Something doesn’t seem right in Central Falls, the Rhode Island city that declared municipal bankruptcy yesterday. Now that the state receiver has filed Chapter 9, all the town’s dirty laundry has been hung out in public, and, like any bankruptcy, it’s not pretty. Overspending and declining tax revenues doomed this poor town, along with liberal doses of alleged corruption.
Here is what doesn’t seem right in Central Falls. The city is dead broke and those they owe money to are lined up at City Hall to collect. But for some odd reason, the city’s bondholders have pushed ahead of all the others in line to claim full repayment of their debts; those later in line must settle for 50 cents on the dollar. Retired police officers and firemen will have their pensions cut by 50%.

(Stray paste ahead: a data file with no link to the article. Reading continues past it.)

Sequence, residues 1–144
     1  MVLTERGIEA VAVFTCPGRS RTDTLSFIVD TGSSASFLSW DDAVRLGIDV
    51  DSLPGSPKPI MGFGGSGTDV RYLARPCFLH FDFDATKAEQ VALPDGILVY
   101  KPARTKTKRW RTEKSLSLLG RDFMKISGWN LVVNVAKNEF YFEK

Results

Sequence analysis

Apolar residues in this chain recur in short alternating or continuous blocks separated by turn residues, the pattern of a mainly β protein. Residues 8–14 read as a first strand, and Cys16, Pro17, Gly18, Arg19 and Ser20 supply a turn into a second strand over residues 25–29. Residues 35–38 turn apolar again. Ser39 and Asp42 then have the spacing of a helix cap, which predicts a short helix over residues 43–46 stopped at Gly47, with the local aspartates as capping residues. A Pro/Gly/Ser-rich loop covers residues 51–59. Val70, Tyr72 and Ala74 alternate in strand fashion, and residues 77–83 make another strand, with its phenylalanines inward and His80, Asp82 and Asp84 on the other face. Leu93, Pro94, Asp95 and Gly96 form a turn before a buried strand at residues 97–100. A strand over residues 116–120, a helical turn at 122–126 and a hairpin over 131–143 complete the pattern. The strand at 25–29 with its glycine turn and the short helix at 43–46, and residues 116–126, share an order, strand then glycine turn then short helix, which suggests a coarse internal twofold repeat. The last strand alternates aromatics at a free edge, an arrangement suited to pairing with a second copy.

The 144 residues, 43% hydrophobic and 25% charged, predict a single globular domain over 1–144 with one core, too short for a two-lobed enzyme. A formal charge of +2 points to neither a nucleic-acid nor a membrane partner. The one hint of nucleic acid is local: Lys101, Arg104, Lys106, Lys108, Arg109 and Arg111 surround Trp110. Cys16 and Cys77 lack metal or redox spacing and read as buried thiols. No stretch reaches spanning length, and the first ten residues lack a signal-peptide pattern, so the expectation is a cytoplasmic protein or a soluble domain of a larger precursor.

It wasn’t Central Falls’s decision to give preferential treatment to bondholders. Last year legislators in the state capitol passed a law making the claims of bondholders superior to all other claims in bankruptcy. The Rhode Island General Assembly’s action flies in the the face of common bond market practice, which is that bondholders get in line with everyone else and a judge overseeing bankruptcy proceedings gives a fair resolution to all the creditors.
The law passed by the Rhode Island General Assembly upends the order of priority for payments in bankruptcy. Municipal bankruptcy is filed in federal court, and cities cast themselves at the mercy of the federal bankruptcy law. Because our federal constitution reserves all rights to the states that the federal government does not claim, it makes this area of the law a funny hash of competing jurisdictions. And it possibly encourages the Rhode Island legislators to try and change the rules.
The federal bankruptcy code does create some special protection for holders of “special revenue” bonds. The law firm Jones, Day characterizes the exemption: